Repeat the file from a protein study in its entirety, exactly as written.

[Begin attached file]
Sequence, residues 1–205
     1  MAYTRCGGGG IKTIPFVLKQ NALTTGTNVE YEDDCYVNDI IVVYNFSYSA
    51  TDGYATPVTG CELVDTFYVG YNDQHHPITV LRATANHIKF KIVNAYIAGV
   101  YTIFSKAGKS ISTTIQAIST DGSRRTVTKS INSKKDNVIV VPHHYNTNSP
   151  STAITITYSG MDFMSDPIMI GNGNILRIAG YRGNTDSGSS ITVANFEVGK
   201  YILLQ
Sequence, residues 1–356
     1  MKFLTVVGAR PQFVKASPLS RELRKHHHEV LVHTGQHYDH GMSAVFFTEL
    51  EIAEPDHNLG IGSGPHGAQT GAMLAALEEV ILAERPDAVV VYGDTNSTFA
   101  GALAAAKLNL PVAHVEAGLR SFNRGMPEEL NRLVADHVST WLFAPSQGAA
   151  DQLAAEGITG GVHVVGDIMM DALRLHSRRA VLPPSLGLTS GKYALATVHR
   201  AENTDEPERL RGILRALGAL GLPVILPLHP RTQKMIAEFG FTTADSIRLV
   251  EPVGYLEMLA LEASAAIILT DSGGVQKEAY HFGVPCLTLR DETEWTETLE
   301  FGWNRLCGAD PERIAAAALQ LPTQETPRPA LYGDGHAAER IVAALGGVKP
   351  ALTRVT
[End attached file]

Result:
Sequence, residues 1–205
     1  MAYTRCGGGG IKTIPFVLKQ NALTTGTNVE YEDDCYVNDI IVVYNFSYSA
    51  TDGYATPVTG CELVDTFYVG YNDQHHPITV LRATANHIKF KIVNAYIAGV
   101  YTIFSKAGKS ISTTIQAIST DGSRRTVTKS INSKKDNVIV VPHHYNTNSP
   151  STAITITYSG MDFMSDPIMI GNGNILRIAG YRGNTDSGSS ITVANFEVGK
   201  YILLQ
Sequence, residues 1–356
     1  MKFLTVVGAR PQFVKASPLS RELRKHHHEV LVHTGQHYDH GMSAVFFTEL
    51  EIAEPDHNLG IGSGPHGAQT GAMLAALEEV ILAERPDAVV VYGDTNSTFA
   101  GALAAAKLNL PVAHVEAGLR SFNRGMPEEL NRLVADHVST WLFAPSQGAA
   151  DQLAAEGITG GVHVVGDIMM DALRLHSRRA VLPPSLGLTS GKYALATVHR
   201  AENTDEPERL RGILRALGAL GLPVILPLHP RTQKMIAEFG FTTADSIRLV
   251  EPVGYLEMLA LEASAAIILT DSGGVQKEAY HFGVPCLTLR DETEWTETLE
   301  FGWNRLCGAD PERIAAAALQ LPTQETPRPA LYGDGHAAER IVAALGGVKP
   351  ALTRVT